Why It’s Not a Good Idea to Sleep In Makeup

Okay, be honest: How many times do you sleep in makeup?
We all know how it feels to want to drop into bed after a long day. The last thing we want to do is go through a lengthy skincare routine.
But before you snuggle under those covers with a full face of makeup, let’s talk about why it’s not the best idea for your skin.
Spoiler alert: it’s not just about the occasional breakout.
Sleep in Makeup: What Happens To Your Skin?
Picture this: your skin, covered in a layer of foundation, concealer, and perhaps some eyeshadow, mascara, and lipstick. You may imagine that it’s not a big deal to leave it on overnight, but your skin begs to differ.
While you’re catching those Z’s, your skin is hard at work repairing and renewing itself. It uses sleep as a time to recover from the various stresses during the day and to shed and regenerate its cells.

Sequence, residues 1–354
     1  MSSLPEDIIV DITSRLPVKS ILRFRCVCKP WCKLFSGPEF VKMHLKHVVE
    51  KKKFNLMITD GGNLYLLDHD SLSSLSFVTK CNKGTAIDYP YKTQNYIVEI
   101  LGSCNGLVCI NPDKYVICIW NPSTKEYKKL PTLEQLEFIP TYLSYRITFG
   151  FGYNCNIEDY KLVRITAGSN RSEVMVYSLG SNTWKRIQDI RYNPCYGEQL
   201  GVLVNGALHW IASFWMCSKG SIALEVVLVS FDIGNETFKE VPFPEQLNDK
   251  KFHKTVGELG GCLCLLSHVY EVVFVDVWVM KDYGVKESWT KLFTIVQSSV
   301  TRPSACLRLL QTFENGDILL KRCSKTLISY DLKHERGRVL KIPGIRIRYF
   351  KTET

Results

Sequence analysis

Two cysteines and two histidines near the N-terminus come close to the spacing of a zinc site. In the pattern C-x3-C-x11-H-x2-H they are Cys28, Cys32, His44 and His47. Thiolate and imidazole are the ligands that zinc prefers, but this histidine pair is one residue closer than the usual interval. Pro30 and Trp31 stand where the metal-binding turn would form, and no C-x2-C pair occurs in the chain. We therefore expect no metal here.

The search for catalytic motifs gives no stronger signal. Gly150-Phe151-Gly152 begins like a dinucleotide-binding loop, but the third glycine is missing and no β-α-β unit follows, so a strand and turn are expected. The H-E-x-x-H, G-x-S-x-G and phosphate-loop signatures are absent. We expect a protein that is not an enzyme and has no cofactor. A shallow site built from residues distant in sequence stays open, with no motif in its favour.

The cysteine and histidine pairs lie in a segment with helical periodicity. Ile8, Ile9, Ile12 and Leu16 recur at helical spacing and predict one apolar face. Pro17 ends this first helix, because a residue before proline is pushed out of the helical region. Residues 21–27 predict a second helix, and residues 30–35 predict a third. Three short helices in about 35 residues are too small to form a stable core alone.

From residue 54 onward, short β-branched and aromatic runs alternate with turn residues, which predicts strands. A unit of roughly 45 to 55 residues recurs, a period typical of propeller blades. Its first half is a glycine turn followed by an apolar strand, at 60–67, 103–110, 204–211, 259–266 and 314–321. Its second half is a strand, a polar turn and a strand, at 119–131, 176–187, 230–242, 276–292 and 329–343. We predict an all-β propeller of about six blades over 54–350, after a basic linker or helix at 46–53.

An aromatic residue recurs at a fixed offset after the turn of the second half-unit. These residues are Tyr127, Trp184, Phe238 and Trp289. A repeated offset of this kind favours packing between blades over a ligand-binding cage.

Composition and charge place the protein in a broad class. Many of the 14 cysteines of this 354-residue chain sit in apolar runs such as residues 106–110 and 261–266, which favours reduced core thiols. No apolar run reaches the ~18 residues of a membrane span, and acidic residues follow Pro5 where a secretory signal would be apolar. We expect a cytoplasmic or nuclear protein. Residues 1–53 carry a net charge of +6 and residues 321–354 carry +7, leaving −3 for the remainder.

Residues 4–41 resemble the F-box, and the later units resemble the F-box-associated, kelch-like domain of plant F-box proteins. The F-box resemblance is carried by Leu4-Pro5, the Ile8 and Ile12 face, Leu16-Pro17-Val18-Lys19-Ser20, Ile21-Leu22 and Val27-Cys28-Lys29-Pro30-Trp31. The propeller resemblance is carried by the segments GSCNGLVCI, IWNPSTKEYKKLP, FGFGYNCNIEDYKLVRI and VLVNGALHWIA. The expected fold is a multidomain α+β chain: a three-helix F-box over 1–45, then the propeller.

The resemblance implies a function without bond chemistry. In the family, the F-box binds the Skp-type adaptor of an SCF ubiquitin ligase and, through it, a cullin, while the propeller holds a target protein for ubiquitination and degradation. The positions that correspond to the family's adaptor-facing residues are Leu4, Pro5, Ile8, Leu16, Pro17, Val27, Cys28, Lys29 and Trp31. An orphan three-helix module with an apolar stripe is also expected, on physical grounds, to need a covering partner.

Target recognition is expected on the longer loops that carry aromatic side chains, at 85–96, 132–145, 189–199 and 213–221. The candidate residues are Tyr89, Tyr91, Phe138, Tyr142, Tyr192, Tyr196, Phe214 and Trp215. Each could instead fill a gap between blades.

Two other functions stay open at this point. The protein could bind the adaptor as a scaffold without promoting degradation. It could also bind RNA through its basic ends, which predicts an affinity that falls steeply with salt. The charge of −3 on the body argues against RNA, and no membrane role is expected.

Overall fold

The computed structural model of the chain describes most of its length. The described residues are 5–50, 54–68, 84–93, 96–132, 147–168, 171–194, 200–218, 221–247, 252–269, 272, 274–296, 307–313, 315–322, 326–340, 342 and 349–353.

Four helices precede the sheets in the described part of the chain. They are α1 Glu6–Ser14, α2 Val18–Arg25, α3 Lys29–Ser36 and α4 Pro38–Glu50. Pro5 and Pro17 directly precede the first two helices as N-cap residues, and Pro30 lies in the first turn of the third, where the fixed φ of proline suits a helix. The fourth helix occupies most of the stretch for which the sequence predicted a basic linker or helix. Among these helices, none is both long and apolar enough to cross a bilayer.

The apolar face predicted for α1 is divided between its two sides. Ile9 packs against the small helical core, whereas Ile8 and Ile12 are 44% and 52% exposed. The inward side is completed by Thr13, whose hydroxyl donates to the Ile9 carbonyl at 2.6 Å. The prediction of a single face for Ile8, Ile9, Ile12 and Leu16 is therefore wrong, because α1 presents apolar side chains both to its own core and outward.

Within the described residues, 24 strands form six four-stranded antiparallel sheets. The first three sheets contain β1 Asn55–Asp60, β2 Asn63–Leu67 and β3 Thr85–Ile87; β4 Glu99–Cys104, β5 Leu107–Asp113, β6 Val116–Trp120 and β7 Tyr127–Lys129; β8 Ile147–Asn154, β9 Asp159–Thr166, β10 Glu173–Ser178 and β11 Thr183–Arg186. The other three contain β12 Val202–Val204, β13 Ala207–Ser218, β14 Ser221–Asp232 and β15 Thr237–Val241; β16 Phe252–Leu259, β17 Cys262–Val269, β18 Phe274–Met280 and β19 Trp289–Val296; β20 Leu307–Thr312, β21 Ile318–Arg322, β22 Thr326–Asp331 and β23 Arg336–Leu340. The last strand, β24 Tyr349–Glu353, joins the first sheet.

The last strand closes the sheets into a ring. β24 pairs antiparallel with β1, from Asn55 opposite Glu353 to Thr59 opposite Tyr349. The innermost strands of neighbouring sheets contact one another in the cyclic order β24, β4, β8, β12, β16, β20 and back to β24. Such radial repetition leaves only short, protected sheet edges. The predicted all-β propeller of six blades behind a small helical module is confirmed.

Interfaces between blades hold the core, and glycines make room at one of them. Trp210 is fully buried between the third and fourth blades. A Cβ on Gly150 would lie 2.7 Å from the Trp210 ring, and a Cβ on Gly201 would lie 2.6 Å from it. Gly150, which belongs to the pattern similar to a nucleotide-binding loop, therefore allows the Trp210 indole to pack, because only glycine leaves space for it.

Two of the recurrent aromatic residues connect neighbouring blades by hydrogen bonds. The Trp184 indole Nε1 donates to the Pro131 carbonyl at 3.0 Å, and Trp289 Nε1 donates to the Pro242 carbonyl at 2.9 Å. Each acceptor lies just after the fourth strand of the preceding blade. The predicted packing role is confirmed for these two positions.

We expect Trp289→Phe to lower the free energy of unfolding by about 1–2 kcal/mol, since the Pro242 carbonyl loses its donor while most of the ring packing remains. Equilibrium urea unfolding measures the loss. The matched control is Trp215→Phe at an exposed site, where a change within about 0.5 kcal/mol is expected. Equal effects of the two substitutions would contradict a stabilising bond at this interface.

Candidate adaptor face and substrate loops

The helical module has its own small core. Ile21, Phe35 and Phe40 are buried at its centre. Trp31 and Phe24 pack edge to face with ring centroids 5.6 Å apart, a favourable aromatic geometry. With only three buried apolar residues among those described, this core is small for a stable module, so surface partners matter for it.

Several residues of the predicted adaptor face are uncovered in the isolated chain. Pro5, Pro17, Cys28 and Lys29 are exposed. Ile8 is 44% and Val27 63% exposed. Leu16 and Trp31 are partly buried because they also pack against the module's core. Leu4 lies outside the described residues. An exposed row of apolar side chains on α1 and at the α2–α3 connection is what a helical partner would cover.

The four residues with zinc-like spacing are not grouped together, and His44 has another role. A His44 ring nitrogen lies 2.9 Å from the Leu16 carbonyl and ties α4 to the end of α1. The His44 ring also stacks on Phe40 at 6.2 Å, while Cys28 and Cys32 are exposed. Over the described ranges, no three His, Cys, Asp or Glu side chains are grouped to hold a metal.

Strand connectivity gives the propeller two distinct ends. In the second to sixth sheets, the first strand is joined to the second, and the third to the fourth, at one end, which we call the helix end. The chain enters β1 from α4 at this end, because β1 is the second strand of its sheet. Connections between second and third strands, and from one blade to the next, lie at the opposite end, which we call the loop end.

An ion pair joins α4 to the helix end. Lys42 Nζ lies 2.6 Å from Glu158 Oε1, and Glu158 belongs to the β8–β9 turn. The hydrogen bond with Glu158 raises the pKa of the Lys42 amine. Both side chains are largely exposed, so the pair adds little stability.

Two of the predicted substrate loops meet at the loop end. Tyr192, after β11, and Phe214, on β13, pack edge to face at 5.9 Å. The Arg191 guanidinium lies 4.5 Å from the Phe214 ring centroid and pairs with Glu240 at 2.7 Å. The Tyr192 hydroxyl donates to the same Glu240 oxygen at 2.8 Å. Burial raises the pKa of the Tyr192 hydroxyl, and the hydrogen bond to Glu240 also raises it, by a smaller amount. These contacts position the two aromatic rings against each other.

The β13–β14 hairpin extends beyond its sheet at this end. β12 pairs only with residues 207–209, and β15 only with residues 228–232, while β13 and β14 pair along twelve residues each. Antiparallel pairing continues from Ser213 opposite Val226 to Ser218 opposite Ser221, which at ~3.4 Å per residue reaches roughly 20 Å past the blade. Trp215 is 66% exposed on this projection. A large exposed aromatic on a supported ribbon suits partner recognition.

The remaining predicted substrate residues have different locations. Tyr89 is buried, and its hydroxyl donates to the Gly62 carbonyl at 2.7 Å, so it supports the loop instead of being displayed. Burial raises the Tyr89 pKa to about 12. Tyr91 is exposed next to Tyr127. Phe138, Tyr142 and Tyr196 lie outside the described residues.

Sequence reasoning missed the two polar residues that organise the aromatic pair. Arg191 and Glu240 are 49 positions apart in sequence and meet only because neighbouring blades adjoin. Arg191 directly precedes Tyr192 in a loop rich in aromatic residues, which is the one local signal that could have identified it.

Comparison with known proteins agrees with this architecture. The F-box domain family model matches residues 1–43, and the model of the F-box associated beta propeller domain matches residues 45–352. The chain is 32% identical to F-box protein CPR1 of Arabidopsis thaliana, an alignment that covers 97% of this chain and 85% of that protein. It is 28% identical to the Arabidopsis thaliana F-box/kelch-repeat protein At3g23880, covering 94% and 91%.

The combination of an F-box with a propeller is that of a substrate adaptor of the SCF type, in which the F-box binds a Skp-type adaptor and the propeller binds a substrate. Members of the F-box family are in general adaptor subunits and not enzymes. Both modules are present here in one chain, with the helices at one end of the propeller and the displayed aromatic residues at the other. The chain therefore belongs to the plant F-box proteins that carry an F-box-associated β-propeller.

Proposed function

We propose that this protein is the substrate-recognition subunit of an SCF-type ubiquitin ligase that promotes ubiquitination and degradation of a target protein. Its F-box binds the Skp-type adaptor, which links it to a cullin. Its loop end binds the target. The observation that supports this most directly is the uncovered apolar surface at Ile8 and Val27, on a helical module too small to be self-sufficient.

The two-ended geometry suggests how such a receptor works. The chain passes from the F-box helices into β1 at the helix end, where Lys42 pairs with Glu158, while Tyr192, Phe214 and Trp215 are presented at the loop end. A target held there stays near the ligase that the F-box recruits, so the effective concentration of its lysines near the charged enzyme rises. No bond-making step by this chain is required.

When it’s suffocating under a layer of makeup, though, this natural process is disrupted.
Clogged Pores
One of the primary issues with sleeping in makeup is clogged pores. Throughout the day, our skin accumulates dirt, oil, and environmental pollutants, which can get trapped under makeup. When left overnight, these impurities mix with makeup and sebum, leading to the dreaded clogged pores.
This can result in acne breakouts, blackheads, and dullness as your skin struggles to breathe and regenerate.
Disrupted pH Balance
Moreover, makeup can disrupt the skin’s natural pH balance. Many cosmetic products, especially those with long-lasting formulas, contain chemicals and preservatives that can alter the skin’s acidity levels. This imbalance can weaken the skin’s protective barrier, leaving it more vulnerable to irritation, inflammation, and infections.
Dryness
Your makeup may feel fresh when you first apply it, but think about how it feels as you go through your day. Have you noticed tightness? Itching? Irritation?
That’s because over time, makeup saps moisture from the skin. The ingredients in your mascara and eyeshadow can also separate and dry out, making your skin feel uncomfortable, at best.